So at least some manufacturers are at least acting like they’re well aware of this. While the hardcore may scoff, such little “mother’s helpers” do get sales among the Donna Reeds of the overclocking community.

So if you’re a manufacturer interested in sales among tinkerers, you’d better make it tinkerable. If you’re a consumer, you should perhaps beware of those who design for 90% performance, then let you “discover” the other 10%.

Why Would I Screw Around With My Screwdriver?

The other side of the divide are those who view their computers as tools. They may overclock and do all the other tricks, but they don’t love tinkering for the sake of tinkering, they’re just looking for results, a better tool.

They generally were quite willing to run down to the bank (actually, one said he would run to the blood/sperm blank and start making deposits).

Finding themselves with an untinkerable computer didn’t perturb these folks at all. Quite a few, in fact, essentially said, “Why the hell would anyone even think about overclocking such a machine?”

Different Strokes for Different Folks

Obviously, there’s a chasm between the two groups. Maybe not so obviously, the two groups are likely to act quite differently to certain events.

Let’s pretend I was sales manager for the aliens, and sales weren’t too good. If I wanted to sell more units, and all I had was a poll of numbers saying that most wouldn’t buy it, with the biggest reason being price, I might drop the price.

For the general public and the computer-as-tool people, that probably would be a good idea. But let’s assume for some reason I wanted to get the tinkerers to buy-in. Dropping the price would do me no good because that’s not the bottom line reason why the tinkerers aren’t buying.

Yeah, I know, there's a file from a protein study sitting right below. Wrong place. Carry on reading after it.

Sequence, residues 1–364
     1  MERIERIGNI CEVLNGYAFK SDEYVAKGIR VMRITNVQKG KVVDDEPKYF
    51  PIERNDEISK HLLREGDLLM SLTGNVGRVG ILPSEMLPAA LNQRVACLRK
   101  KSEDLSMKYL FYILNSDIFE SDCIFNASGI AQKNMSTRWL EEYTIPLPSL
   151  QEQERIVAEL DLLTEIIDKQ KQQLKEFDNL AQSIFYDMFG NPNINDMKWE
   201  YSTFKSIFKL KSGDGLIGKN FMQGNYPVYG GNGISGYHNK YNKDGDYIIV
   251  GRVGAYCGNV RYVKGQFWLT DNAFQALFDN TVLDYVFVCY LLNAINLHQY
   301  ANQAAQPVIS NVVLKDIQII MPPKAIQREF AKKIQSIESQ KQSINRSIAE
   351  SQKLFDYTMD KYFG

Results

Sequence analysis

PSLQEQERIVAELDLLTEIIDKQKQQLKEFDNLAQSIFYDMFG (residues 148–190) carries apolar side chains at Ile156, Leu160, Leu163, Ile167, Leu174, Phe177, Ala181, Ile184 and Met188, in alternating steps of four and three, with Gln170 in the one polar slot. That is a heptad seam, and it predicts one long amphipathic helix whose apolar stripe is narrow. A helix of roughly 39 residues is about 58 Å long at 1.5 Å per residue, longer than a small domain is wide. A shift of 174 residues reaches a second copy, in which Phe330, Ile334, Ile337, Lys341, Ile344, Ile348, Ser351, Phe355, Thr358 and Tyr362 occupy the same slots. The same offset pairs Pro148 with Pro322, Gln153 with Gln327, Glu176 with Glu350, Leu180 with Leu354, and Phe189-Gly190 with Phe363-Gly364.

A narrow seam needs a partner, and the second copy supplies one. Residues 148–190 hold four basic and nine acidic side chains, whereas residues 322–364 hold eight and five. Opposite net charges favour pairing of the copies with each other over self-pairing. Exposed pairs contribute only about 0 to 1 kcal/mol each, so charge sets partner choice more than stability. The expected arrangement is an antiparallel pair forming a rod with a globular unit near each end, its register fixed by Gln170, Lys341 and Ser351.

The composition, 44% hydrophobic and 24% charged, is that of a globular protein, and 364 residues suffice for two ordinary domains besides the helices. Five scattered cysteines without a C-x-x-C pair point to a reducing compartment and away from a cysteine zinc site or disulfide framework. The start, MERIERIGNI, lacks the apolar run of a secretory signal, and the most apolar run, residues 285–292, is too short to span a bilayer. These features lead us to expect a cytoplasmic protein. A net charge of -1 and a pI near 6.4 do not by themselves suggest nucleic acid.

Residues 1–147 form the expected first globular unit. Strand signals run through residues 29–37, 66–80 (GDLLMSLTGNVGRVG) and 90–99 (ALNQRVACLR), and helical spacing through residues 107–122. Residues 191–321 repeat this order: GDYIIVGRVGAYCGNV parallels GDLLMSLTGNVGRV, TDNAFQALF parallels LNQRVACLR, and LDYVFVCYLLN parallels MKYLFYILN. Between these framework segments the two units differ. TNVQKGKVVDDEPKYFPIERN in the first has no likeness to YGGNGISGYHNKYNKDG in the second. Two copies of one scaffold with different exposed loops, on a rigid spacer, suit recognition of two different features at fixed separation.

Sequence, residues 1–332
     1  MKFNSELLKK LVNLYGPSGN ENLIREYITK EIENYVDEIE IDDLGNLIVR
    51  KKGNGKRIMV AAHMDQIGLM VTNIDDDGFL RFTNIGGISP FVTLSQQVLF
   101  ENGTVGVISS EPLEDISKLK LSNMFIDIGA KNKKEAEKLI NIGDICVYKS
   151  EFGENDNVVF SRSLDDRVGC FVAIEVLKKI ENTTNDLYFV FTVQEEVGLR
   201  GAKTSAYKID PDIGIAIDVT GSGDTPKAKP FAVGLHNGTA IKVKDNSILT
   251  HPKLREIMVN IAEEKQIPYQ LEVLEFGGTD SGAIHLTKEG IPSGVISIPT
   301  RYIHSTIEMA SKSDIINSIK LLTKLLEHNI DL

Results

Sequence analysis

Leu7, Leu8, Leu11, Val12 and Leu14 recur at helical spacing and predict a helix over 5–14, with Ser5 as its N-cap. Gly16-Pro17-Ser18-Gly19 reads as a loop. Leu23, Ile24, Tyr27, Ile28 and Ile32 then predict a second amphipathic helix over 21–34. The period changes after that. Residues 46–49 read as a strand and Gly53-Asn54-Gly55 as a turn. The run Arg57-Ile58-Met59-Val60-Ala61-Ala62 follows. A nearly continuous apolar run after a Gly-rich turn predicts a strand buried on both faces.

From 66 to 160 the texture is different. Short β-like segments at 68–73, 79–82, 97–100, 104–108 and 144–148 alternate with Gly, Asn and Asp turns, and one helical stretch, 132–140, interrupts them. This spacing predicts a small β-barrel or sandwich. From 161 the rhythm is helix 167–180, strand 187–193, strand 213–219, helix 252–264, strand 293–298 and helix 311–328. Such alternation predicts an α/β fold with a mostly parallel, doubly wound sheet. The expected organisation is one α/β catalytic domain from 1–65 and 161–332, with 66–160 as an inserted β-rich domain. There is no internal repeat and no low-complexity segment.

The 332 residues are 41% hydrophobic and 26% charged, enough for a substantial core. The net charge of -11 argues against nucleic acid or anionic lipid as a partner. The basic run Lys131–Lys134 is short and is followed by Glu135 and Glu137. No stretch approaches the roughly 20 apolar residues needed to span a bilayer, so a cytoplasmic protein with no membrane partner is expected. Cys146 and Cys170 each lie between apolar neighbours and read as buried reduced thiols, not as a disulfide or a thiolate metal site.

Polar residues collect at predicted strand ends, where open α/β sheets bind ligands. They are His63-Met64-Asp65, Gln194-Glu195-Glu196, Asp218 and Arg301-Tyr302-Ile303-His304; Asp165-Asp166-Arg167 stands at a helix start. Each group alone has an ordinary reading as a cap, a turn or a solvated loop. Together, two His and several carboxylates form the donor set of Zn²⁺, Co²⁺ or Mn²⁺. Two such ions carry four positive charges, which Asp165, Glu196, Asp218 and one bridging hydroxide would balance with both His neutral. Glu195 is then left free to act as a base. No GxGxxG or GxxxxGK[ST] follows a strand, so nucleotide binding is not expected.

In all likelihood, I wouldn’t even know that was the reason because I probably wouldn’t have included “lack of tinkerability” as an item in my poll.

In that case, I could have spent tons of money running the most statistically valid poll in the world, and say that 52.1387% of people think “B” in nice little neat columns with great graphs, and it’s completely worthless for my purposes. It’s just expensive toilet paper.

I would have been better off going to a forum for a half-hour.

We’ll talk more about polls in the near future.


What does this item tell me? It confirms some implications I’ve had from earlier surveys. Those indicated that about 40% of the responding audience are hardcore, I-haven’t-used-the-soldering-iron-in-five-minutes-and-I’m-getting-itchy types of folks. This told us what, it didn’t tell us why.

This survey documents the why. It’s the tinkering that important to most in this group, not speed per se. It also makes pretty clear that plenty of others couldn’t care less.

Does the exact proportion matter? If we conducted a perfect poll with a representative audience, that 40% figure would drop, drop probably quite a bit. But it still would be significant, and this group punches above its weight anyway because they are more interested and active and involved than the others. It matters more to them.

Nor is this Bush vs. Gore. We don’t have to choose between the two groups. All we have to do is keep in mind that there are two rather different groups out there, and give each of them something.

That was the major finding from the first survey. Tomorrow, the rest. Thursday, well, aliens for women question at least got some entertaining answers, and Friday, some of the more memorable quotes from your responses (which will all be anonymous; some of the best ones could get people into deep trouble). 🙂